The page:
“The legislation will give the Department of Justice tools to track and shut down websites devoted to providing access to unauthorized downloads, streaming or sale of copyrighted content and counterfeit goods.”
Looks like this weekend’s hack-job is just the beginning of a far broader war. The latest circling hawk comes in the form of the Combating Online Infringement and Counterfeits Act, introduced into the Senate Monday afternoon. The bill, introduced by Senate Judiciary Chairman Patrick Leahy (D-VT), senior Republican member Orrin Hatch (R-UT), and various cosponsors, gives the government a much bigger enforcement gun.
And, as the name suggests, the bill is focused on hammering sites distributing content without authorization – including those outside of US borders. Essentially, the Department of Justice will be given greater authority and tools to identify and shut down sites – a stance that invites counterattacks. “Digital theft is a significant and growing problem for songwriters and music publishers, so we welcome today’s action in the U.S. Senate,” said National Music Publishers’ Association president and CEO David Israelite. “There is simply no excuse for internet sites that profit illegally from the works of others to be allowed to function unchallenged.”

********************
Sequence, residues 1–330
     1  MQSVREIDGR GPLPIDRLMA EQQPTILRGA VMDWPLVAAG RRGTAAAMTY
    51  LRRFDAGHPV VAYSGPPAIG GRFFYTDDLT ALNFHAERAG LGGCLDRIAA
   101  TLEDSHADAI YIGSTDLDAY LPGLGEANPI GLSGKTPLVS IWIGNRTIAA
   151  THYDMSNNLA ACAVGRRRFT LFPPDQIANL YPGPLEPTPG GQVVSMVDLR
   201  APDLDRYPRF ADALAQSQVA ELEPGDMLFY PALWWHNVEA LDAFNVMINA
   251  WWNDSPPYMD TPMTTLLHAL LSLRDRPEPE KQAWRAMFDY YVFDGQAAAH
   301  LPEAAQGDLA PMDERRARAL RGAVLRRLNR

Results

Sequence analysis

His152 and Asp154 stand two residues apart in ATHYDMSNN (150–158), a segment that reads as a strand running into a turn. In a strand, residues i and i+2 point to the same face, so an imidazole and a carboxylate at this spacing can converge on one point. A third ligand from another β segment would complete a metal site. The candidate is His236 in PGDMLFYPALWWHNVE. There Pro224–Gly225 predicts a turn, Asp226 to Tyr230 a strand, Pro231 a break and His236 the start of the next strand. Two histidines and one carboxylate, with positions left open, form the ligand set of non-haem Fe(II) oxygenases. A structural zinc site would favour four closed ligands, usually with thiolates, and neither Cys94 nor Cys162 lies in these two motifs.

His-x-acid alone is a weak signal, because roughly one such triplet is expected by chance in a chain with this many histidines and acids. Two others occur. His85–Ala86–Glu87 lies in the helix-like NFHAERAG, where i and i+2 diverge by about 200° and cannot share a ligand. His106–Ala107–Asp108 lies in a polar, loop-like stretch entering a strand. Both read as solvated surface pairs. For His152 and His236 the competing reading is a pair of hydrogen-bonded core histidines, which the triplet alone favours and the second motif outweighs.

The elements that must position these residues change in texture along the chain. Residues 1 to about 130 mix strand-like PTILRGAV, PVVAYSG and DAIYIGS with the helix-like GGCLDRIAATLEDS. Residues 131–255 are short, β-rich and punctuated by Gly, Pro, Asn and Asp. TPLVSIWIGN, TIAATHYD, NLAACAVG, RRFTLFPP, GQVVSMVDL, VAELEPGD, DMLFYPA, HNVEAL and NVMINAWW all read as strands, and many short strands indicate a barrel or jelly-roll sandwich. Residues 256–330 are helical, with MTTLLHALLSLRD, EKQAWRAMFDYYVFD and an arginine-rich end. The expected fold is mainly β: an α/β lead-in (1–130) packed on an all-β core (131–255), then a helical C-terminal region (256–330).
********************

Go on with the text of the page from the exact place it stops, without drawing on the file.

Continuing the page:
Valid arguments indeed, but is this worth the millions of dollars being plowed into the Hill by the music industry? Copyright owners certainly have a right to protect their work, though hard-nosed enforcement approaches have mostly generated hostility and resistance – most recently in the form of aggressive denial-of-service attacks. This could become quite the net-bloody battle…
Some of the aspects of the bill…
> Gives the Department of Justice an expedited process for cracking down on websites that are dedicated to making infringing goods and services available.
> Authorizes the Department of Justice to file an in rem civil action against a domain name, and seek a preliminary order from the court that the domain name is being used to traffic infringing material. The Department must publish notice of the action promptly after filing, and it would have to meet clear criteria that focus on the sites’ substantial and repeated role in online piracy or counterfeiting.
> Provides safeguards allowing the domain name owner or site operator to petition the court to lift the order
> Provides safeguards against abuse by allowing only the Justice Department to initiate an action, and by giving a federal court the final say about whether a particular site would be cut off from supportive services.